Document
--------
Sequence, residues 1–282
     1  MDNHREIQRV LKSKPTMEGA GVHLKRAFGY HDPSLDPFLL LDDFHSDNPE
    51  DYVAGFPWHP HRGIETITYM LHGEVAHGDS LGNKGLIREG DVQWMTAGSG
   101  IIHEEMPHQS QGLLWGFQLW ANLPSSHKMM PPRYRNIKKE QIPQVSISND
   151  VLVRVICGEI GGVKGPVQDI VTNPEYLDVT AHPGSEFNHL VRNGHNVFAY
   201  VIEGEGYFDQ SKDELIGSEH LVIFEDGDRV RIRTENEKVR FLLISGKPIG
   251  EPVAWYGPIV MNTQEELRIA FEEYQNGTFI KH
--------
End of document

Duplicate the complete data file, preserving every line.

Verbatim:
Sequence, residues 1–282
     1  MDNHREIQRV LKSKPTMEGA GVHLKRAFGY HDPSLDPFLL LDDFHSDNPE
    51  DYVAGFPWHP HRGIETITYM LHGEVAHGDS LGNKGLIREG DVQWMTAGSG
   101  IIHEEMPHQS QGLLWGFQLW ANLPSSHKMM PPRYRNIKKE QIPQVSISND
   151  VLVRVICGEI GGVKGPVQDI VTNPEYLDVT AHPGSEFNHL VRNGHNVFAY
   201  VIEGEGYFDQ SKDELIGSEH LVIFEDGDRV RIRTENEKVR FLLISGKPIG
   251  EPVAWYGPIV MNTQEELRIA FEEYQNGTFI KH